For lack of a better word, Out of the Furnace is an old fashioned revenge tale and a sort of back road film noir. My initial observation of it was how it confused me in terms of its time and place. The opening scene had Woody Harrelson's character at a drive-in theater even though it seemed like the film was set in present day. Therefore, I thought to myself, do those types of theaters still exist? Then there was the fact that Affleck and Bale were cast as brothers. The chemistry was there but wow, they sure didn't look they could ever be related. As for the setting in this vehicle, I wasn't necessarily confused. I just thought to myself, is this some sort of post apocalyptic environment where everyone is dressed up with what they might have stole or found laying on the ground? Frankly, when you combine every one's unkempt personal appearance with the gloominess of the sky, the filthy homes they live in, and the bloodied up face of Affleck's Rodney, you'll never see another film where this much grime is plastered on the screen. You want everyone to literally get cleaned up and seek a spa treatment of some sort.

When you put it all into perspective though, Out of the Furnace is a satisfactory drama/thriller that for most of the way, wants to give the viewer their money's worth. It's a real movie. It's also dungeonous, depressing, dirty, and grubby. When things come to their forgone conclusion, there is a feeling of scenes being rushed with an ending that although fetching and metaphoric, is rather abrupt. Ultimately though, "Furnace" gets pretty much everything right despite the forced simplicity bestowed on the movie goer. I wouldn't be surprised if there was maybe one or two acting nominations from the Academy. And if I had the power, I'd personally nominate the whole state of Pennsylvania because it feels like a supporting player suffocating everyone in the movie around it.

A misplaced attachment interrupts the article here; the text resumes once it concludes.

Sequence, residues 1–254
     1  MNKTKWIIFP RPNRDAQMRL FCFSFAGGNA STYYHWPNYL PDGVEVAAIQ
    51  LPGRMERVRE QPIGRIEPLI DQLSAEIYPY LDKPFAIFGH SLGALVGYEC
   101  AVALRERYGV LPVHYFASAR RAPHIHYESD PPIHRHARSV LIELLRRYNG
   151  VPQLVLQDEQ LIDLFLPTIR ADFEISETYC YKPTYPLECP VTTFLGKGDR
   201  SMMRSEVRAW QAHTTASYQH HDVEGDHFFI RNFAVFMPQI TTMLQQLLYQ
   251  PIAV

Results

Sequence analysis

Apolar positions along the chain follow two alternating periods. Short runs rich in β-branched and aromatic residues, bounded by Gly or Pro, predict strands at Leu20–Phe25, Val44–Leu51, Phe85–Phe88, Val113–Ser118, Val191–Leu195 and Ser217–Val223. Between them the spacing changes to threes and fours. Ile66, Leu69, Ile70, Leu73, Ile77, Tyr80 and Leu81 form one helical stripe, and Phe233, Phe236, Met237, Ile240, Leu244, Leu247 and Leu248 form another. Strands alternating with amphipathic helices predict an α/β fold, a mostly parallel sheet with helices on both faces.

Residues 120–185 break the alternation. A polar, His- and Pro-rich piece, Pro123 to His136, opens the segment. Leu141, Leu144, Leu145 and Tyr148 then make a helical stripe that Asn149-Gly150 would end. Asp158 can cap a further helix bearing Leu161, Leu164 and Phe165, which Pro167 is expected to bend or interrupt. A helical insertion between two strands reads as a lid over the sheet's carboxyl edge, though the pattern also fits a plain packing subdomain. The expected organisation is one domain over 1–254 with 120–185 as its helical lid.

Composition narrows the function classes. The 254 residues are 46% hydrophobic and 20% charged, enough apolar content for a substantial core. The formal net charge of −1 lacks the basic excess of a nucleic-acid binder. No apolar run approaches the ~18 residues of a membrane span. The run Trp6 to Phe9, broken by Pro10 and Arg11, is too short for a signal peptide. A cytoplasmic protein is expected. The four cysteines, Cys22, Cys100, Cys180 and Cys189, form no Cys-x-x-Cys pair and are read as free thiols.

To end this review solidly, I will say this: as a perfunctory revenge piece that doesn't quite expand on its complexities, Out of the Furnace is tops all around. But as a serious contender for one of the 5 best films of the year, it may or may not be a little "out of" its league.

Written by Jesse Burleson